“He did his part in law enforcement and in the military,” said JC campus police officer, Kim Stewart. “He paid his dues and now he gets to sit back and enjoy life. We’re going to witness him being able to retire, walk away in good health with his family. That’s important to me.”
His Jones College colleagues gave him several retirement gifts to enjoy in his off time. However, the retired chief of campus police said his wife gave him a long list of “Honey Do’s” to keep him busy in between his fishing and hunting trips.
ELLISVILLE – The Covid-19 pandemic pushed a strained medical community into crisis two years ago and it also forced area nursing programs to search for ways to help more nurses obtain degrees. The University of Southern Mississippi recently signed a Memorandum of Agreement with Alcorn University, anticipating Jones College and Pearl River Community College could also assist with the plan to maximize resources to best help nursing students exceed their goals.
“Nursing education is the most important thing we do in the community,” said Jones College President, Dr. Jesse Smith. “We have a long history of working together with our community and there’s nothing more important than providing excellent health care. A great number of talented students can benefit from this exceptional partnership.”
The new partnership affords solutions for nursing students faced with obstacles in obtaining their degree, with the end goal of finding solutions to end the critical needs in health care and access to services. Dean of the College of Nursing and Health Professions at USM, Dr. Lachel Story said the partnership offers two pathways for USM undergraduate nursing students seeking their first nursing degree options to finish their degree when obstacles would normally put their degree on hold.
“We turn away many highly qualified applicants every semester, like many nursing programs, because we have more qualified applicants than we have the capacity or resources to enroll them,” said Story. “This pathway will provide those students an opportunity to complete their initial nursing degree with one of the three college partners and return to USM for a B.S.N. for a seamless process.”
Typically, nursing applicants who were not accepted into USM’s program could have applied to other schools. Unfortunately, most students were forced to wait at least a semester to begin the application process again. The new partnership will allow USM nursing administration another enrollment option for students. Instead of denying nursing applicants, students will be offered the option to enroll into another partner nursing program.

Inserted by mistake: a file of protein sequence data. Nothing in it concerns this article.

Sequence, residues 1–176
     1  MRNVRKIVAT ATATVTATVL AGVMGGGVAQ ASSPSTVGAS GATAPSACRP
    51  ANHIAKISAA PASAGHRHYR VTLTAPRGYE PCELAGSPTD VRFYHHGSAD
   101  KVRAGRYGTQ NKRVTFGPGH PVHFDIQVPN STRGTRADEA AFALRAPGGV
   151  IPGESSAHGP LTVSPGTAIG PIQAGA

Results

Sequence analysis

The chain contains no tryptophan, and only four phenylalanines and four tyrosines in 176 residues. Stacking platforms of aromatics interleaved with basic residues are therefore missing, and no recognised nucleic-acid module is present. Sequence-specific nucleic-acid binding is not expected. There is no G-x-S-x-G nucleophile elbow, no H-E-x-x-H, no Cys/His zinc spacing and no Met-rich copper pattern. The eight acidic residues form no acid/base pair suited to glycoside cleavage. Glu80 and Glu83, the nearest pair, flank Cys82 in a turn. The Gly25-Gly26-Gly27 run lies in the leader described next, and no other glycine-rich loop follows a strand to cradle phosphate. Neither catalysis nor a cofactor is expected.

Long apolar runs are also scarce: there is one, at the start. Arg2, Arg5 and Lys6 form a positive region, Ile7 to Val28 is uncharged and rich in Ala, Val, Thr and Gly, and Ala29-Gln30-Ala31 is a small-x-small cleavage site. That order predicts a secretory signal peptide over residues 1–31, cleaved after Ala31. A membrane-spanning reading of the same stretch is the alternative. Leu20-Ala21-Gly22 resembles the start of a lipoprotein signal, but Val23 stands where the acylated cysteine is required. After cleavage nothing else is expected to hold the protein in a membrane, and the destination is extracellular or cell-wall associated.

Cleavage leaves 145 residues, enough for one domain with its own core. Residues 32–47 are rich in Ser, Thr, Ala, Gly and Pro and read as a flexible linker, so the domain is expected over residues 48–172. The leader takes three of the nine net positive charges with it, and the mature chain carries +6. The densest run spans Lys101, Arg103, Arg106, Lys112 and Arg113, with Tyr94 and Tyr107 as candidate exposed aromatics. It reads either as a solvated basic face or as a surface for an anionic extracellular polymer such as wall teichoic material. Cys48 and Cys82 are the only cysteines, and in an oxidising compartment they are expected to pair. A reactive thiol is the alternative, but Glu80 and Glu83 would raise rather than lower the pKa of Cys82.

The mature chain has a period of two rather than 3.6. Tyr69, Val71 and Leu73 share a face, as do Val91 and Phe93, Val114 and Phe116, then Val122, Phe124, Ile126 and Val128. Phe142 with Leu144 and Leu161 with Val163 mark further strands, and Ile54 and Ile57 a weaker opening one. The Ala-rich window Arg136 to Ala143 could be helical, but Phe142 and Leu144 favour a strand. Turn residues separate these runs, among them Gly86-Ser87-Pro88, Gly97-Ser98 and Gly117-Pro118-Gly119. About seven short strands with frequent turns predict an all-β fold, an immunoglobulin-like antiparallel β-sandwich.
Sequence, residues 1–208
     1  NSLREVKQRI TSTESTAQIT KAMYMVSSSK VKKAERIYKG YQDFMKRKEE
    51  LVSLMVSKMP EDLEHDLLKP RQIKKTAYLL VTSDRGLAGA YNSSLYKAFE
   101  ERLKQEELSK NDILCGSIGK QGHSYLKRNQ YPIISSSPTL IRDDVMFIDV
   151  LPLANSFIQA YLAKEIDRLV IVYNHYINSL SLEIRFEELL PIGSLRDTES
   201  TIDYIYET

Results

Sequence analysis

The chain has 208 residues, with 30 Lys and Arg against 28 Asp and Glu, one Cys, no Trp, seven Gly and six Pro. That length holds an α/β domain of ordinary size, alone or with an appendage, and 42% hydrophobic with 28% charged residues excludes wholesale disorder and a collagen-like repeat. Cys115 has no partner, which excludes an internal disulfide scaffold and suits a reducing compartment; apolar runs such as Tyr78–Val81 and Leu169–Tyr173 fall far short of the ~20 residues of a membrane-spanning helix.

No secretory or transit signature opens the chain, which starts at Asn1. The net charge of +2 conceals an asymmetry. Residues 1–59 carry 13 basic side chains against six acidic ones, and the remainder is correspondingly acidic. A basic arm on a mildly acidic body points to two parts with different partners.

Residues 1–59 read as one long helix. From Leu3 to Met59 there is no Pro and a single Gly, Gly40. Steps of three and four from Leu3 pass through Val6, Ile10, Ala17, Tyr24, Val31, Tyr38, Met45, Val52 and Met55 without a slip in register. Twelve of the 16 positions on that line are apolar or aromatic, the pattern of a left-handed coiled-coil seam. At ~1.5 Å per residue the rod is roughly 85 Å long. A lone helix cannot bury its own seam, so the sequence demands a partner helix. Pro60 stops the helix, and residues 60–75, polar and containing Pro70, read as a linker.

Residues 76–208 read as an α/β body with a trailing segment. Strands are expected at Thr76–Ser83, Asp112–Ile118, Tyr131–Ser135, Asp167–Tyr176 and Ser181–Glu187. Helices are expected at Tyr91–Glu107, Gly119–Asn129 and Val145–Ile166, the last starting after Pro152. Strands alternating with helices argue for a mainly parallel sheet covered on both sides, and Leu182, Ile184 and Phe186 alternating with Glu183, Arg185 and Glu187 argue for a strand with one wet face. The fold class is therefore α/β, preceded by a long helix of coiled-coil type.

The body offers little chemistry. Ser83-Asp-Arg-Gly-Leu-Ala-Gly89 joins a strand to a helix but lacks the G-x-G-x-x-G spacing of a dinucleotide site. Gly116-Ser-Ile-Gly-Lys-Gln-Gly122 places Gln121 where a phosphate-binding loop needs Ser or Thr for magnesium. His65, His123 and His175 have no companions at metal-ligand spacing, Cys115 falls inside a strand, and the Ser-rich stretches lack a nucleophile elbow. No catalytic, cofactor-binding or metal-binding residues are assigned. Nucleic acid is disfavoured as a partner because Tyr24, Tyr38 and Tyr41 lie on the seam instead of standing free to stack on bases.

“We are looking beyond ourselves and what’s best for the nursing profession and our state,” Story said.
The second pathway allows students who have difficulty in nursing courses to complete their degree with an associate or practical nursing degree at Jones College or Pearl River Community College and then return to USM for their B.S.N.
“There are some students who are academically talented, who can have difficulty for a variety of reasons, which can put them in a potion which is challenging for them to overcome. These students will be identified before they fail a course or the program, and they will be offered an opportunity to finish their initial nursing degree with these colleges and then return to USM for a B.S.N. with the same seamless process,” said Story.
When nursing students quit before completion, it takes longer for them to enter the workforce and it limits financial aid options. By increasing the students’ opportunity to succeed with additional support and these new options to complete their degree will allow them to begin working in the medical field a lot sooner.
“Some students have taken courses in other programs like Psychology, Sociology and Healthcare Administration while they wait to be accepted into the nursing program. They usually end up getting degrees in those fields, but they really want to be a nurse,” said Jones College’s Assistant Dean for the College of Health Sciences, Teresa McDonald. “This partnership is all about the qualified students’ desire to become a nurse and helping them reach their goal.”
Additionally, Smith recognized the impact this new partnership can have on ending the nursing shortage by helping students reach their desired educational and career goals.